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Satoshi Habuchi, Dr.


Dr. Habuchi’s research focuses on molecular imaging using advanced single-molecule fluorescence imaging and microscopy techniques in order to understand the hidden roles of static and dynamic disorders in complex systems. His research interests include cell adhesion, structural dynamics of proteins, super-resolution fluorescence imaging methods, topological polymer dynamics, photophysics and applications of light-emitting conjugated polymers, and fluorescent proteins.
Dr. Satoshi Habuchi is an Associate Professor in the Biological and Environmental Sciences and Engineering Division. He joined KAUST as an Associate Professor in January 2012. He has published more than 50 publications on international journals to date.

Dr. Habuchi was appointed Assistant Professor of Tokyo Institute of Technology, Department of Organic and Polymeric Materials in 2008 and later Associate Professor in 2011. At the Institute, he studied optical and physical properties of synthetic polymers by means of single-molecule fluorescence spectroscopy and microscopy methods. He also developed new single-molecule methods for three-dimensional molecular orientation imaging and super-resolution fluorescence imaging.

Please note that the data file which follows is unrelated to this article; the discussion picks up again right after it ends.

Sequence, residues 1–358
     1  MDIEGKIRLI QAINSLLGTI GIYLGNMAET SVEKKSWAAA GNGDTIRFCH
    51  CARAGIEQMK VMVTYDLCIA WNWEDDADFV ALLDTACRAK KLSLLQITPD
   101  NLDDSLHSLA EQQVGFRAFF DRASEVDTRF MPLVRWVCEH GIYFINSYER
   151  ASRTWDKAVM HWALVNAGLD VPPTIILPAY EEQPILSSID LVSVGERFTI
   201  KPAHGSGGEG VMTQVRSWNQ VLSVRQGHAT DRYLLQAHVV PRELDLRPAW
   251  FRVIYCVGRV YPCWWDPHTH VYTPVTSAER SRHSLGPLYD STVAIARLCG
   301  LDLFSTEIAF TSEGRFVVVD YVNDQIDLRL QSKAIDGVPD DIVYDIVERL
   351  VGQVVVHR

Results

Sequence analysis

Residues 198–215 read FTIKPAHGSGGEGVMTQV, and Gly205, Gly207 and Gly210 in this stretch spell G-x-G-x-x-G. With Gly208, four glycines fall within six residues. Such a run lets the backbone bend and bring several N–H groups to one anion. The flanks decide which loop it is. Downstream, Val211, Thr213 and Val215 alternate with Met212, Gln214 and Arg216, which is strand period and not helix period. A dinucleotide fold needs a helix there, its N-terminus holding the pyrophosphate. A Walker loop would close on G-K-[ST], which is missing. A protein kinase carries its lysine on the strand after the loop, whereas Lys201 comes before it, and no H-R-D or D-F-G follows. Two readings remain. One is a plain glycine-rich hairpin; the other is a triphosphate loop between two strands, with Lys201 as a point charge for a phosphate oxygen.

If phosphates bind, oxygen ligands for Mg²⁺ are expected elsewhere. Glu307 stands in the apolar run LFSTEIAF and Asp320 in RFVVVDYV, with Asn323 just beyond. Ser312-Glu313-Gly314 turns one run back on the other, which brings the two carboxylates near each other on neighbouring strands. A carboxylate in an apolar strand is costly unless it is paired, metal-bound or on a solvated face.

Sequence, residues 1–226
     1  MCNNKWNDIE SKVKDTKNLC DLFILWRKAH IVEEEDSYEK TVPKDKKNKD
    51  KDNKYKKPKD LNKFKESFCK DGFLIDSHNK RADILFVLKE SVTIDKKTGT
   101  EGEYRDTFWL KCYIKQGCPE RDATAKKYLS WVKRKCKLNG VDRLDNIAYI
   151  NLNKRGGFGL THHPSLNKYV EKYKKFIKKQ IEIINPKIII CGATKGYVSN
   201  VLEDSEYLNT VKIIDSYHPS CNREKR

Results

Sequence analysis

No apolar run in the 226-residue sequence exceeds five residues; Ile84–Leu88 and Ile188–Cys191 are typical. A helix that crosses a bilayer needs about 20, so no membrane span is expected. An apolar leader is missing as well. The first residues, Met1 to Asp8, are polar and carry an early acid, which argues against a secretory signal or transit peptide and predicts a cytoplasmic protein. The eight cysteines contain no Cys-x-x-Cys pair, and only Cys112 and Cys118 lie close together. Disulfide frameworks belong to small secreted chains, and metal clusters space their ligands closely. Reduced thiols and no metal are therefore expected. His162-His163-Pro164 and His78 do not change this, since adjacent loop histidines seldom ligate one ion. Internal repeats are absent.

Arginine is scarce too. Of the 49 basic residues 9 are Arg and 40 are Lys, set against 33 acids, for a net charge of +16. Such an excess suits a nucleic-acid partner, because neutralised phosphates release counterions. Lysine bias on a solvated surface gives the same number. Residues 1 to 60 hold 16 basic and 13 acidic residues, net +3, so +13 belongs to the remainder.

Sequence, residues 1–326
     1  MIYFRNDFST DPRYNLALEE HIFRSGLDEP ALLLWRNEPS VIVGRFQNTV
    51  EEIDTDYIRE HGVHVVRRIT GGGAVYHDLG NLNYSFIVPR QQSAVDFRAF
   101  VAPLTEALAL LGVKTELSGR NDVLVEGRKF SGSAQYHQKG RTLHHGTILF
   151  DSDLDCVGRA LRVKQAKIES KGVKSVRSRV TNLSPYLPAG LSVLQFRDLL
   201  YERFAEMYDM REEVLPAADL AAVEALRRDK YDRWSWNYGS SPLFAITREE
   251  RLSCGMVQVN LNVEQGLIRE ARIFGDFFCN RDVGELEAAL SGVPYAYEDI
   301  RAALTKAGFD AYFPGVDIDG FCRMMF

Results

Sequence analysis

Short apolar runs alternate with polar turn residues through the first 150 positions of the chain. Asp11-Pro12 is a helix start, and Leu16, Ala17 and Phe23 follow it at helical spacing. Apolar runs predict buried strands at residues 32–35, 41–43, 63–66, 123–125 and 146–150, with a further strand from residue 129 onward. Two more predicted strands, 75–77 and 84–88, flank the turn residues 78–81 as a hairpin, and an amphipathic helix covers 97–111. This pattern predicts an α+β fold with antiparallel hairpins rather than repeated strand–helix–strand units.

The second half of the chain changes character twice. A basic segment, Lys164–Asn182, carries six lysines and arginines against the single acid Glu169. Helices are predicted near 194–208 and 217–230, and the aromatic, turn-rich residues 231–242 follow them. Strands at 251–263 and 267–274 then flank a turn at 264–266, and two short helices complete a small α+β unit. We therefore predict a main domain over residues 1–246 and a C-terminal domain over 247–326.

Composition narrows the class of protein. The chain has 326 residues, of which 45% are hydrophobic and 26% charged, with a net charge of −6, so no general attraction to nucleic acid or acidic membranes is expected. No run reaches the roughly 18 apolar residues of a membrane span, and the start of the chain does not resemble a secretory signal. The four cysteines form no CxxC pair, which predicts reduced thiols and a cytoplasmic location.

Dr. Habuchi joined the group of Professor Antoine van Oijen in Harvard Medical School in 2005 as a post-doctoral fellow. He has worked on eukaryotic DNA replication at the single-molecule level as well as optical switching of single molecules and its application to super-resolution fluorescence imaging.
Dr. Habuchi joined the group of Professor Frans De Schryver and Professor Johan Hofkens as a visiting scholar in Katholieke Universiteit Leuven in 2001 and later became a post-doctoral fellow in 2001. He has studied optical properties of green fluorescent protein and its variant proteins at the single-molecule level. He successfully demonstrated fast, reversible, and reliable optical switching of single fluorescent protein molecules.

Dr. Habuchi holds a bachelor’s degree in chemistry from Hokkaido University. He also received his master’s degree and doctorate in chemistry from Hokkaido University.